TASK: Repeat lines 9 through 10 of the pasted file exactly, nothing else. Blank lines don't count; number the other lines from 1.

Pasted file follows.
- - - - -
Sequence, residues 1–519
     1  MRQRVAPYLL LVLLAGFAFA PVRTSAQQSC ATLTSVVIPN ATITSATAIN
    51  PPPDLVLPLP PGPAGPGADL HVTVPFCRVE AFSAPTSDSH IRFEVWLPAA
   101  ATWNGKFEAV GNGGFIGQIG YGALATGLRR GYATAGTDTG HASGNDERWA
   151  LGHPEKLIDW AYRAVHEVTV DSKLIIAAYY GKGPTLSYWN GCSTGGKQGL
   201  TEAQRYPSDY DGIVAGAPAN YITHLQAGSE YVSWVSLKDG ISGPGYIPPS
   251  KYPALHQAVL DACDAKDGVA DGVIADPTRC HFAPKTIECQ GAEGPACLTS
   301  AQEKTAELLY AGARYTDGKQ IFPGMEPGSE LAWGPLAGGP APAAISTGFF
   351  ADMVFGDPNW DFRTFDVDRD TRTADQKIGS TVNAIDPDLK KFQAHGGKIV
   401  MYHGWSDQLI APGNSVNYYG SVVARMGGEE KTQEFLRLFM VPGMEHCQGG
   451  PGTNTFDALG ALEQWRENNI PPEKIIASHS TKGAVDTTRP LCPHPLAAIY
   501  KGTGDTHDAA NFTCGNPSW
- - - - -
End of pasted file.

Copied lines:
   351  ADMVFGDPNW DFRTFDVDRD TRTADQKIGS TVNAIDPDLK KFQAHGGKIV
   401  MYHGWSDQLI APGNSVNYYG SVVARMGGEE KTQEFLRLFM VPGMEHCQGG